|Erik F. Buell|
April 2, 1950 |
|Occupation||Motorcycle racer, engineer, designer, executive|
|Known for||Founder, Buell Motorcycle Company and Erik Buell Racing|
|Awards||Motorcycle Hall of Fame (2002)
Motorcyclist Motorcyclist Of The Year (2011)
Erik F. Buell (born April 2, 1950, in Pittsburgh, Pennsylvania) is the founder, former Chairman and Chief Technical Officer of the Buell Motorcycle Company, which eventually merged with Harley-Davidson Corp. Buell is a pioneer of modern race motorcycle technology. Buell is also the founder of Erik Buell Racing.
The early years
Buell was raised on a farm in Gibsonia, Pennsylvania, and thus learned to work on machinery at a young age. In his teen years, Buell took up motorcycling. His first ride was an Italian-made Parilla 90cc moped. He attended the University of Pittsburgh.
Motorcycles and motorcycle racing
After his moped, Buell jumped right up to a 74ci basket-case Harley-Davidson. To quote: "To be exact, it was a '57 Panhead in a '52 frame with KHK front end. Red metal flake paint and those crazy two-piece ape hanger handlebars, which would come loose and swing back and forth. I'd shove wads of steel wool into the mufflers to quiet it down for the cops, but when I was really hauling, it would shoot these glowing balls of flame out the back. Man, that's cool stuff when you're a kid!"
Buell raced motocross before becoming interested in road racing in his early 20s. He became an avid part-time road racer and did his racing astride a Ducati in the AMA 'Superbike' class and a Yamaha TZ750 in 'Formula One', despite the aging race program at Yamaha.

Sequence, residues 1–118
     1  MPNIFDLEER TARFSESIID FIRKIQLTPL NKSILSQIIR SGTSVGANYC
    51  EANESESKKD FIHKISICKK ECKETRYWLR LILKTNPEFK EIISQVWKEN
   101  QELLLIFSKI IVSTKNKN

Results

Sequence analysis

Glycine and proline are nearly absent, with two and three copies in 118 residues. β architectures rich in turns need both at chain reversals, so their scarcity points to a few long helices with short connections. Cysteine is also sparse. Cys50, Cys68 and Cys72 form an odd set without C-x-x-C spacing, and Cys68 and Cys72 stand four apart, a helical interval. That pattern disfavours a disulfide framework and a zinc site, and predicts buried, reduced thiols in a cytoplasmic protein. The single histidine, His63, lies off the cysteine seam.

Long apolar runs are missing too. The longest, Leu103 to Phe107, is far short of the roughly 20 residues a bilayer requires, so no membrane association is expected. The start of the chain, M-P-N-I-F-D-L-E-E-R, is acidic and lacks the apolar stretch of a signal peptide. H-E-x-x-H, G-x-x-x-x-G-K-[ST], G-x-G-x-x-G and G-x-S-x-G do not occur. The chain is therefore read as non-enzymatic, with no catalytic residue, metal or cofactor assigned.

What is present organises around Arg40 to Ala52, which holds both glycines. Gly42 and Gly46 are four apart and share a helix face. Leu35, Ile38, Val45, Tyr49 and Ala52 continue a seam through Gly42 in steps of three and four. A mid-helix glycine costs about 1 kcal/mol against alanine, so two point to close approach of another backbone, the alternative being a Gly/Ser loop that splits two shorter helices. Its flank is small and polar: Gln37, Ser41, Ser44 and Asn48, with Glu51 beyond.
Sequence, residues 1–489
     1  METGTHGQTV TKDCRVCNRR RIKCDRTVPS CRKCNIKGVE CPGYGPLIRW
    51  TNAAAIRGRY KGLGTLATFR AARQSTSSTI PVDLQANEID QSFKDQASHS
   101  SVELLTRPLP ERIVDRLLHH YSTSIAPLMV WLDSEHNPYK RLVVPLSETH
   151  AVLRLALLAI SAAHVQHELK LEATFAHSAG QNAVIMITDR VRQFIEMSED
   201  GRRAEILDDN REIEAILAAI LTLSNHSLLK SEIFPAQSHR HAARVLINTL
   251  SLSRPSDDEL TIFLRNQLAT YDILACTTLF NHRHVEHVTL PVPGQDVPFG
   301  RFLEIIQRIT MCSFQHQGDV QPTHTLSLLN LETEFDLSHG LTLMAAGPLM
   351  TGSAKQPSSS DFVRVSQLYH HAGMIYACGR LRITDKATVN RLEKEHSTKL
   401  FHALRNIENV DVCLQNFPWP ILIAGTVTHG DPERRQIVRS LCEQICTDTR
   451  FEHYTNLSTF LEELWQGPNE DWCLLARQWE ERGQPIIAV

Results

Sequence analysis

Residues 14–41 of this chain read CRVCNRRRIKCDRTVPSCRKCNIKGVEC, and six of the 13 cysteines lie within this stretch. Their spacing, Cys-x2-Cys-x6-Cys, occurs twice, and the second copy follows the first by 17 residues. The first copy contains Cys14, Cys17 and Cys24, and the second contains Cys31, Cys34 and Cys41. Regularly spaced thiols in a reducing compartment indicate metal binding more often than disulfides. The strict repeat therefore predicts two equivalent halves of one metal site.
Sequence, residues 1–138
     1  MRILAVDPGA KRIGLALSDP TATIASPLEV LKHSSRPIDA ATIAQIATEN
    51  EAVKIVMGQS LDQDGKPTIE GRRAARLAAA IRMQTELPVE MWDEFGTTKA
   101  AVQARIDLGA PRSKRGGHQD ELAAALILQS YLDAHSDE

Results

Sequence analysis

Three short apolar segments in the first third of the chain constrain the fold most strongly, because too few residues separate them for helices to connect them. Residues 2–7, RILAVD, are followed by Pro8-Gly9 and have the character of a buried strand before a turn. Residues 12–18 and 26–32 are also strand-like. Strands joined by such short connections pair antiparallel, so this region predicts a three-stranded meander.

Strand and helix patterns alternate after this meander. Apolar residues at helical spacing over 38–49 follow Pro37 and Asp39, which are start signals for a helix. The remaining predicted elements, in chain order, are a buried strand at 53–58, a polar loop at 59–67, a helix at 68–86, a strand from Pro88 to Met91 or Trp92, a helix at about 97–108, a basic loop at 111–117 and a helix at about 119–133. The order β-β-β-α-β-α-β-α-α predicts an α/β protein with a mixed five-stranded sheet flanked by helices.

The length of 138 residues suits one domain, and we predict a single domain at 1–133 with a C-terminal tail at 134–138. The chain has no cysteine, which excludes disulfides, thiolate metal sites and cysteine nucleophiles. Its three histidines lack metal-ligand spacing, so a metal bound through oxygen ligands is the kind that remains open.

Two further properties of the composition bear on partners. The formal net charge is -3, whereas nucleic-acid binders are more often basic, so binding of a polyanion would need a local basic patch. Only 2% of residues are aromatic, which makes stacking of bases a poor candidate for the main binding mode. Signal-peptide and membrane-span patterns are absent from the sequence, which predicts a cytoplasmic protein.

After receiving his degree in engineering in 1979, Buell landed a job at Harley-Davidson after he flew himself to Milwaukee, WI to get an interview and "beat my way in the door," as Buell put it. While at Harley, he was involved with concept motorcycles, Porsche-designed "Nova" V-four program, and was responsible for considerable stability and refinements to the chassis design of the FXR series of cruisers, noted for their rubber-mounted engines.
While working for Harley-Davidson, Buell’s road racing hobby was slowed. Additionally, as Harley-Davidson went through some hard times in the early 1980s, he didn’t feel right racing a Japanese or Italian motorcycle.
Buell first heard of the small, privately held general-purpose engine maker Barton (based in Great Britain) in 1981 - he bought their limited-production racer, powered by a water-cooled 750 cc Square Four two-stroke engine. Unfortunately, the bike was very poorly manufactured, used such cheap materials and the engine was plagued with gremlins to the point of being unmanageable. However, with Buell's engineering background (and unwaning optimism), he felt that he could refine the weak points using his own designs and make the engine work for him. Slowly, as parts failed he re-engineered them to increase reliability, and in many cases saw performance gains with his modifications. The chassis was a different story, however - Buell deemed it a lost cause from the beginning and designed his own chassis from the ground up. Nonetheless, the engine would often have failures before even completing a race.
Buell first raced a prototype of his bike, still using the mostly stock Barton engine, in summer of 1982 at AMA National on the Pocono Speedway. He dubbed it the RW750 (RW standing for Road Warrior). During testing at Talladega, AL, the RW750 was clocked at a top speed of 178 mph (286 km/h). He raced in the 500 cc-dominated Formula One class (the Barton engine was designed prior to 1978 and was grandfathered into this class by AMA rules). He found some success at the local club levels despite the grossly overpowered, unrefined engine.